While no Australian politician has yet been quoted in national media about the proposal, the chairman of the committee released a statement about the 88 recommendations being put forward, including calls to provide domestic abuse survivors with more financial security and launching a national campaign to educate the public on different forms of coercion in relationships.
“The Committee’s recommendations are wide ranging, but our clear message is that we need a more coordinated and comprehensive national approach to ending all forms of family, domestic and sexual violence,” Liberal Party MP Andrew Wallace said in a statement published online. “It is perpetrators that are responsible for their use of violence, but everyone has a role in bringing about change and stopping violence before it starts.”
The bizarre proposal to require ID to receive or just maintain a Facebook account still leaves plenty of questions about how it would be implemented. The report also suggests that law enforcement agencies in Australia be permitted access to encrypted data, something that would require companies like Apple and Signal to build backdoors for their technologies.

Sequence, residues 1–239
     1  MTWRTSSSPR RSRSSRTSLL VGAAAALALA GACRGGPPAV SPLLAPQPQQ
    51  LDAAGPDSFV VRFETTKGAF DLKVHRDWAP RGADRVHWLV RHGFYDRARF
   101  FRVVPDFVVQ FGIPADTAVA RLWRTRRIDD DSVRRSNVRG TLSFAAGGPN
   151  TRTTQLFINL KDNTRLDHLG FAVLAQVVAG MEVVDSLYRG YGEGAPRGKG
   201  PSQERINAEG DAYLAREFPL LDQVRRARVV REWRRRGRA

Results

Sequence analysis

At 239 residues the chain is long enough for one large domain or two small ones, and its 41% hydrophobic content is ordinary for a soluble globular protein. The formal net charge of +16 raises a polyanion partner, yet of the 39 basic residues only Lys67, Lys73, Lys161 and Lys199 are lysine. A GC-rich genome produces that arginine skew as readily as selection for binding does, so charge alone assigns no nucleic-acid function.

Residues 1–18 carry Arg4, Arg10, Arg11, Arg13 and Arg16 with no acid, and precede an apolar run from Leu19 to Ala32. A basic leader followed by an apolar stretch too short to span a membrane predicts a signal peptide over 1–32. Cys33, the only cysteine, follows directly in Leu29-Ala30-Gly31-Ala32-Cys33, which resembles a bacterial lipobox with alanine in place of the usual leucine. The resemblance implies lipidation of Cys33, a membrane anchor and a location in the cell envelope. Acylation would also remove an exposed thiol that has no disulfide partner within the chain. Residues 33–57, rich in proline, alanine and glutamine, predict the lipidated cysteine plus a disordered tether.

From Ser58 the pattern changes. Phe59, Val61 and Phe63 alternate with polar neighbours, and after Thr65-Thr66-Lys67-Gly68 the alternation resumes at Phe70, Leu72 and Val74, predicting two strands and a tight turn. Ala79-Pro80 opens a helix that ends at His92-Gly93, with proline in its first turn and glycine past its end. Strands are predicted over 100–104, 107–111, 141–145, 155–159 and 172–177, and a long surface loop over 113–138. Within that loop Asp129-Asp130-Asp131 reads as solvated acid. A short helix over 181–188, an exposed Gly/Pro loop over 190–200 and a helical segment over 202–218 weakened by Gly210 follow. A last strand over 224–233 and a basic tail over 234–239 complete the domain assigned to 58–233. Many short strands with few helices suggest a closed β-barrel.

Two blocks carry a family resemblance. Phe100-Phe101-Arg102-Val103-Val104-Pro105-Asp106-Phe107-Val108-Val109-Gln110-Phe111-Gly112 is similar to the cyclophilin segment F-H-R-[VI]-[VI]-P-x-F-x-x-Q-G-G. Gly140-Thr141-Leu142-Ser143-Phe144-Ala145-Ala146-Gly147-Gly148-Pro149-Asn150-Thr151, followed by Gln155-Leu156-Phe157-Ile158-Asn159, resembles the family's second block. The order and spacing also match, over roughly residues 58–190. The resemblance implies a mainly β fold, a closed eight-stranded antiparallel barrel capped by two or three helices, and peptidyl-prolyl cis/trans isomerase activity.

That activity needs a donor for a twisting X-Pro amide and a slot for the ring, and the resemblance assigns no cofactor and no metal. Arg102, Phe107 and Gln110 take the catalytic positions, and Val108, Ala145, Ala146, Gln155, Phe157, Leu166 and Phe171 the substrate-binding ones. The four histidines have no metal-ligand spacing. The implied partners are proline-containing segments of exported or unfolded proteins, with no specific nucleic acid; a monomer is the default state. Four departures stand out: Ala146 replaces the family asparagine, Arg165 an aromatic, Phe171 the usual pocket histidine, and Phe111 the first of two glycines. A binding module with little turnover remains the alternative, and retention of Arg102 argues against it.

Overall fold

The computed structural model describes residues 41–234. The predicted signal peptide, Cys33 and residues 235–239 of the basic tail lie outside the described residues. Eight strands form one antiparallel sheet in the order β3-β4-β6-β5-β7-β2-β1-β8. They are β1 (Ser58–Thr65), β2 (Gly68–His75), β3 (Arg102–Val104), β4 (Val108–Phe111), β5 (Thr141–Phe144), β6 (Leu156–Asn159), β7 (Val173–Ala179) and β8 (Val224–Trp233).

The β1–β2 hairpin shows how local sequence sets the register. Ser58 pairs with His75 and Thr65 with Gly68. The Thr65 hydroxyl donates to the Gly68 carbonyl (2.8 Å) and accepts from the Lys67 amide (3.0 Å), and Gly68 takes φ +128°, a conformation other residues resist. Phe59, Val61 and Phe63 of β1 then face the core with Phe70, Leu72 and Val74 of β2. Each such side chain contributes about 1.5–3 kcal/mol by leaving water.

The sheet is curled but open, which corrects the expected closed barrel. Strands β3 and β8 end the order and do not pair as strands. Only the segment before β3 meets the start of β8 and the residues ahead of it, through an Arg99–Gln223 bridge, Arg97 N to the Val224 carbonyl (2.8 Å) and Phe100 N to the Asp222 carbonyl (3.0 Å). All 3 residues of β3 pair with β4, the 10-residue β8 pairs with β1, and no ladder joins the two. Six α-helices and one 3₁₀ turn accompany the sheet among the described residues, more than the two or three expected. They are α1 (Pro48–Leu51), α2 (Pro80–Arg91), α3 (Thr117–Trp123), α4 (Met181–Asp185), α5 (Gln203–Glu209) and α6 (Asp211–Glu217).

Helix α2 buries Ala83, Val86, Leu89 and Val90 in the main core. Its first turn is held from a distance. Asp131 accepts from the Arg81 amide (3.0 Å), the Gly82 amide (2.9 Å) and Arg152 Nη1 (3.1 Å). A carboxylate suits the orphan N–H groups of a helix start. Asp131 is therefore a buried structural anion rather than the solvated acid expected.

From the report:
The Government should consider regulating to enable law enforcement agencies to access a platform’s end-to-end encrypted data, by warrant, in matters involving a threat to the physical or mental wellbeing of an individual or in cases of national security.
The proposals come at a time of tremendous turmoil in the Australian government and its ruling Liberal Party under Prime Minister Scott Morrison. Multiple scandals ripple through the capitol city of Canberra, most involving sexual assault and the harassment of women.
Christian Porter, the now-former Attorney General of Australia, was accused of committing rape in 1988 when he was 17 years old against a 16 year old girl, an allegation he strongly denies. The woman who made the accusation killed herself last year but the allegations were only made public recently. Porter, who has sued the national broadcaster ABC News for defamation, has been demoted from his position of Attorney General but remains a member of the government.